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Int Immunopharmacol. 2009 Jan;9(1):38-42. doi: 10.1016/j.intimp.2008.09.008. Epub 2008 Oct 9.

Antibody responses to Porphyromonas gingivalis (P. gingivalis) in subjects with rheumatoid arthritis and periodontitis.

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Department of Medicine, Nebraska Arthritis Outcomes Research Center (NAORC), University of Nebraska Medical Center and Omaha Veterans Affairs Medical Center, Omaha, NE, USA.


Antibody titers to P. gingivalis are increased in patients with rheumatoid arthritis and are associated with disease-specific autoimmunity.


Periodontitis (PD) has been implicated as a risk factor for rheumatoid arthritis (RA). We sought to characterize antibody titers to P. gingivalis (a pathogen in PD) in subjects with RA, PD, and in healthy controls and to examine their relationship with disease autoantibodies.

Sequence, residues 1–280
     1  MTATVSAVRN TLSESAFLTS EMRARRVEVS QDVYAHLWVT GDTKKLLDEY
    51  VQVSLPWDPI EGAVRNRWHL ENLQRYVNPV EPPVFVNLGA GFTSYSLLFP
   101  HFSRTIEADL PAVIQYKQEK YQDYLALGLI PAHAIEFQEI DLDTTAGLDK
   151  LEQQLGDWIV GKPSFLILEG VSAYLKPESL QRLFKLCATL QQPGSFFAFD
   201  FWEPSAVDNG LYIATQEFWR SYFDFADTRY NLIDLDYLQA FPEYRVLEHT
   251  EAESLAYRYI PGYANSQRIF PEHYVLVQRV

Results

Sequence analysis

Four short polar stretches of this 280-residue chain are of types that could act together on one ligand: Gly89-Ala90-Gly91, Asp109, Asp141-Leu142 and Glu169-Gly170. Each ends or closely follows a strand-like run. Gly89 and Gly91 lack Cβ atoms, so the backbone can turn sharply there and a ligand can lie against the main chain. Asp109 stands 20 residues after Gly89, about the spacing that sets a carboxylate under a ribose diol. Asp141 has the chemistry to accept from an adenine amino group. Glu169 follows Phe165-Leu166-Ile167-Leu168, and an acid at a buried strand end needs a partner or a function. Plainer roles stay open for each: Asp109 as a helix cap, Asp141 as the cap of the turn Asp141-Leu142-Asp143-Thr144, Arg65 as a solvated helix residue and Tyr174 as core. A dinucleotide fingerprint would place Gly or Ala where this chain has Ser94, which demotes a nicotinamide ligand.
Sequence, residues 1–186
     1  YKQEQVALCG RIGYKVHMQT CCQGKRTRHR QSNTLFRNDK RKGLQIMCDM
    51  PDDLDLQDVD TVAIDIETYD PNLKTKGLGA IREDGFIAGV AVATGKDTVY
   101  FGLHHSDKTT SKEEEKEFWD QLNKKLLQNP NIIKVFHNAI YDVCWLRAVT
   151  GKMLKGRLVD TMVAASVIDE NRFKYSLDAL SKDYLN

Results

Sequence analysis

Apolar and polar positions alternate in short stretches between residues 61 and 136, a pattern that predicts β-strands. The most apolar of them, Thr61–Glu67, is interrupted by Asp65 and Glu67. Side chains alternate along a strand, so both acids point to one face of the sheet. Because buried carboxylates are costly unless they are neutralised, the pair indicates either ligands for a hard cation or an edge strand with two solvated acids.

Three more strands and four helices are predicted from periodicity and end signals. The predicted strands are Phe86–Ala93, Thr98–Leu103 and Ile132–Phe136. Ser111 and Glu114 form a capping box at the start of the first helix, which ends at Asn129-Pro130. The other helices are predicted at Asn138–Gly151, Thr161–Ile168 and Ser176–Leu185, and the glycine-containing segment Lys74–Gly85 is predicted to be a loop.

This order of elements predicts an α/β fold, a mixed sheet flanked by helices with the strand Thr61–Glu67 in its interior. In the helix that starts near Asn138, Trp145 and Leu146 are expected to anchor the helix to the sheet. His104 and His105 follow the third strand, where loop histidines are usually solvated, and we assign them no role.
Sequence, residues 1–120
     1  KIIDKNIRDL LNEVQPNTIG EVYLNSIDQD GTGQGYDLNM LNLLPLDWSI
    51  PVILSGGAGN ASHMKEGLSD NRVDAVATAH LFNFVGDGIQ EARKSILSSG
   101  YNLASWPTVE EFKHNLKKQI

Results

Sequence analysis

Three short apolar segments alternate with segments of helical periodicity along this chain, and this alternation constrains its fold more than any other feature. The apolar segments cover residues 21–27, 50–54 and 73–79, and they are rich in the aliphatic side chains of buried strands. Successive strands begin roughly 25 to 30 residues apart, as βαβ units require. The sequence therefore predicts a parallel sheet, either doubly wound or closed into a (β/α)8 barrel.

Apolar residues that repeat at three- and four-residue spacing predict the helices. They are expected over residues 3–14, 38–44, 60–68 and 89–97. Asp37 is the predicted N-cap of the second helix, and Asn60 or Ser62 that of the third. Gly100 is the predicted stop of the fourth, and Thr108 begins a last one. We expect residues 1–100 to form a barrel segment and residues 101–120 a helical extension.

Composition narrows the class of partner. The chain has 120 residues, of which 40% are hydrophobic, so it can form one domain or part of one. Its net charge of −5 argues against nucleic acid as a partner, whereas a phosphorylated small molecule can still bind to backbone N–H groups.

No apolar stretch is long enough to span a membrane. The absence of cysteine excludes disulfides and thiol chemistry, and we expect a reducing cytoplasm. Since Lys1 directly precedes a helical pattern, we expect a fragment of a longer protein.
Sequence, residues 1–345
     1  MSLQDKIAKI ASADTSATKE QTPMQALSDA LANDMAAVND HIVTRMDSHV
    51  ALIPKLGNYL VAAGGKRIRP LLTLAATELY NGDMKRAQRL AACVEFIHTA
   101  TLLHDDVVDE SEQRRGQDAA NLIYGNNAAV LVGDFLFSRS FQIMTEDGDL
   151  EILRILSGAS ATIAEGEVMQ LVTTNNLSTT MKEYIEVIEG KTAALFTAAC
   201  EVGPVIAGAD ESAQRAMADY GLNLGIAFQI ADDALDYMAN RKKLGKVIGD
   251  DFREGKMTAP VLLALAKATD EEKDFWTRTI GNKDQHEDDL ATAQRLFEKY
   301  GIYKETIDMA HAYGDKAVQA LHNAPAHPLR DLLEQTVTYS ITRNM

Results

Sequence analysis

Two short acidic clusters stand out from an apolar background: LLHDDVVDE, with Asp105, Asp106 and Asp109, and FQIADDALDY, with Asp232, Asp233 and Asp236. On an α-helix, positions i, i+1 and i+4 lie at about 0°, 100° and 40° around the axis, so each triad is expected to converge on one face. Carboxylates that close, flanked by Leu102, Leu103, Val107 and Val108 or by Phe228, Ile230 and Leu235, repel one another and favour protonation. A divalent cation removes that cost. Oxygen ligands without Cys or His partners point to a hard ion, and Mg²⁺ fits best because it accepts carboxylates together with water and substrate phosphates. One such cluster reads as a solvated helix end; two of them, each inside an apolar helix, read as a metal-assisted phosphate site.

P. gingivalis antibody was measured in subjects with RA (n=78), PD (n=39), and in controls (n=40). Group frequencies of bacterial titer elevations were compared using the Chi-square test and antibody titers were compared using non-parametric tests. Correlations of P. gingivalis titer with C-reactive protein (CRP), antibody to cyclic citrullinated peptide (anti-CCP), and rheumatoid factor (RF) were examined in those with RA while CRP and autoantibody concentrations were compared based on seropositivity to P. gingivalis.


Antibody titers to P. gingivalis were highest in PD, lowest in controls, and intermediate in RA (p=0.0003). Elevations in P. gingivalis (titer> or =800) were more common in RA and PD (67% and 77%, respectively) than in controls (40%) (p=0.002). In RA, there were significant correlations with P. gingivalis titer with CRP, anti-CCP-IgM, and -IgG-2. CRP (p=0.006), anti-CCP-IgM (p=0.01) and -IgG2 (p=0.04) concentrations were higher in RA cases with P. gingivalis titers > or =800 compared to cases with titers <800.


Antibodies to P. gingivalis are more common in RA subjects than controls, although lower than that in PD. Associations of P. gingivalis titers with RA-related autoantibody and CRP concentrations suggests that infection with this organism plays a role in disease risk and progression in RA.

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